Poetry Break

Poetry Break

I spent years battling my depression and anxiety. And it’s one of my fears that they are traits I passed along to my son. Times when I watch his usual cheerful demeanor slip into a sulky state. Or when I see him anxious to join in the fun, but inevitably shying away.

I never speak of my battles with him, but I do ask him how he’s feeling. And tell him it’s o.k. to feel fear, but encourage him to break from his comfort zone. Never do I push him as that is often counterproductive.

At times, I try to be the person who wasn’t in my life. Not just a father, but someone who listened rather than gave me solutions to problems.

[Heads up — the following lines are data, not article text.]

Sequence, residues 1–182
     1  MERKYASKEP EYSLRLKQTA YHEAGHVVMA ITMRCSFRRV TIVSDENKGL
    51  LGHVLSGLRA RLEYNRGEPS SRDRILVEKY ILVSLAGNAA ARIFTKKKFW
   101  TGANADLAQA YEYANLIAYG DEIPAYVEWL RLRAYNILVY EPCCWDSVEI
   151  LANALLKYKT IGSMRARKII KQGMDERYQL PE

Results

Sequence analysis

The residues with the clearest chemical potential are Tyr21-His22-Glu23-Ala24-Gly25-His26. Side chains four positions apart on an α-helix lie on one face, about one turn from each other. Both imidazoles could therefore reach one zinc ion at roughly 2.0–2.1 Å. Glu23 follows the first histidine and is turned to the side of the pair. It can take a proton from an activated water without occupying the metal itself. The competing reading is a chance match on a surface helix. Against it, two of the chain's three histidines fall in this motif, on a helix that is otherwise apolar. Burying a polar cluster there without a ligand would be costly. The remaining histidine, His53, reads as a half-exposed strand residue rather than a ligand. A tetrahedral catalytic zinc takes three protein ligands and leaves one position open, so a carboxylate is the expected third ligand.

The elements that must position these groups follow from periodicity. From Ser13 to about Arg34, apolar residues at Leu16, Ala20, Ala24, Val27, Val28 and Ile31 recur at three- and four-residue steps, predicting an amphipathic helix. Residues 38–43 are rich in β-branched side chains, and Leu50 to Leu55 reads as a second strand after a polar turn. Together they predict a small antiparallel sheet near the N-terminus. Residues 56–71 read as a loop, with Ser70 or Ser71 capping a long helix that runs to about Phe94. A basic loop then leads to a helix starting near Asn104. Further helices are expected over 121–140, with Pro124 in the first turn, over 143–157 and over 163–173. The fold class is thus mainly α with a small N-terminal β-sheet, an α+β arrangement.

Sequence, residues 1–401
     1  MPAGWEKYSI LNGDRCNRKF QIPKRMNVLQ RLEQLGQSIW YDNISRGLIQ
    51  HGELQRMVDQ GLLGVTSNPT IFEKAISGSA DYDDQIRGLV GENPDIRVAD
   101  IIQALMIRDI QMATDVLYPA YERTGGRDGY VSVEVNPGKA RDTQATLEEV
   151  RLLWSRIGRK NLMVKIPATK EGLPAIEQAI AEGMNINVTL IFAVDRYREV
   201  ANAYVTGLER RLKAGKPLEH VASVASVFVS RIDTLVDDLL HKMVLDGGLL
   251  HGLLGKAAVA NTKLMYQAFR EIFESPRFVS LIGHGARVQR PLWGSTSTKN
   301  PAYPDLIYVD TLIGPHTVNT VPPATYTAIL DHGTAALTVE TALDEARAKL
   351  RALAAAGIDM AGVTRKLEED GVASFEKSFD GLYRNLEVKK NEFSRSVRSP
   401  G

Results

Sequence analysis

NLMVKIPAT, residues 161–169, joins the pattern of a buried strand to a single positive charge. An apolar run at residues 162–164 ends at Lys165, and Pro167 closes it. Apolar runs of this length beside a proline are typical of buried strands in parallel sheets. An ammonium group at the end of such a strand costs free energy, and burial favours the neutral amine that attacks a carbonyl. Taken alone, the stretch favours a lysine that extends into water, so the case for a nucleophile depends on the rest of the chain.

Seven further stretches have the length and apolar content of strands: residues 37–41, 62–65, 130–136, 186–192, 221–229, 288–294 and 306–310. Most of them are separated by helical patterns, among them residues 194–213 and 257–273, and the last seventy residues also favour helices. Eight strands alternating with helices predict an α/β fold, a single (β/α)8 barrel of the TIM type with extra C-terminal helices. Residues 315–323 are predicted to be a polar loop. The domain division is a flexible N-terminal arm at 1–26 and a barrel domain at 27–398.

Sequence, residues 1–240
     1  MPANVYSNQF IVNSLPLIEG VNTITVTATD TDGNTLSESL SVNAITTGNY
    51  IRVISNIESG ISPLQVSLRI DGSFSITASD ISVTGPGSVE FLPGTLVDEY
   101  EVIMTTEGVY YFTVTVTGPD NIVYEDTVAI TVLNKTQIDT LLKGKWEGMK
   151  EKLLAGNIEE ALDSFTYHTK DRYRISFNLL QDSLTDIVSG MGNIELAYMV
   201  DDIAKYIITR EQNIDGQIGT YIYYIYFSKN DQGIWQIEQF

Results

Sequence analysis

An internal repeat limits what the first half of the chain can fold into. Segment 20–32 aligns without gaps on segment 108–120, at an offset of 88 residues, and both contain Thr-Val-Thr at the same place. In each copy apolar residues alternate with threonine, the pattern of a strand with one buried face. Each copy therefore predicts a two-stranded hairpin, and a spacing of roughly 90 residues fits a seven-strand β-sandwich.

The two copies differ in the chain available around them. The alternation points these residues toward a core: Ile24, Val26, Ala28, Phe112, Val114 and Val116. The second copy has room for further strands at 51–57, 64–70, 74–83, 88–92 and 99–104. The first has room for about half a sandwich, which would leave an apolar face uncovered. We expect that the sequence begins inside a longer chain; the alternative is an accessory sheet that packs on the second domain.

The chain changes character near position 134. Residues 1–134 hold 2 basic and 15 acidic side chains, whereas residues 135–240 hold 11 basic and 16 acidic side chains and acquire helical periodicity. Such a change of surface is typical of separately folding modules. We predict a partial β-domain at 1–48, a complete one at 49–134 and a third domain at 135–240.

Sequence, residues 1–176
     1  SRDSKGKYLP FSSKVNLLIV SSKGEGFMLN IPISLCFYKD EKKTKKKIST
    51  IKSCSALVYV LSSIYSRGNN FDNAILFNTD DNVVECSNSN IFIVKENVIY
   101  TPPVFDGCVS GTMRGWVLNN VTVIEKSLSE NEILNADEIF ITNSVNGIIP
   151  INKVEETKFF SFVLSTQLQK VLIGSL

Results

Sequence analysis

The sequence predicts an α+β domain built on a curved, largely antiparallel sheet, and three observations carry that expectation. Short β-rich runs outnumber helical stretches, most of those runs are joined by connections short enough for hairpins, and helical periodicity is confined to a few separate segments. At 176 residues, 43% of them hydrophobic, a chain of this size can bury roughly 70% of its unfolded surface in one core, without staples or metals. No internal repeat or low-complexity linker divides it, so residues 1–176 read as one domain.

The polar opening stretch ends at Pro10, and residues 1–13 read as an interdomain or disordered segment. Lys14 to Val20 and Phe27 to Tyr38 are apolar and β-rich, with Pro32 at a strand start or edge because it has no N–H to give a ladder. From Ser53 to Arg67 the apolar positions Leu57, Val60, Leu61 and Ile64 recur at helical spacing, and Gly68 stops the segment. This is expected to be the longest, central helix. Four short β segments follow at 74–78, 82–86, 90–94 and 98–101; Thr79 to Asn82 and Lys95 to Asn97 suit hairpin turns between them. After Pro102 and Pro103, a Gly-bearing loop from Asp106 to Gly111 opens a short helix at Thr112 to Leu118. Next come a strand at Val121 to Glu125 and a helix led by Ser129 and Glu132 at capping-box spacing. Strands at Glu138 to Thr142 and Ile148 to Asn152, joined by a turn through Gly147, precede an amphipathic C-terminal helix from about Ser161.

“Explaining My Depression to My Mother: a Conversation” by Sabrina Benaim hits home throughout the poem. Recognizing that my depression can be “as small as a firefly in the palm of a bear” while the next day be the bear itself. How I can focus on the thought that “every person I ever come to know/will die someday,” and that being unafraid of the dark is “part of the problem.”

There are many reasons to list why this particular poem resonates so much with my own depression, but it’s probably best if you hear it yourself.

mom, i am lonely.
i think i learnt when dad left;
how to turn the anger into lonely,
the lonely into busy.
when i tell you i’ve been super busy lately,
i mean i’ve been falling asleep watching sportscenter on the couch
to avoid confronting the empty side of my bed.

by Sabrina Benaim, from Depression & Other Magic Tricks

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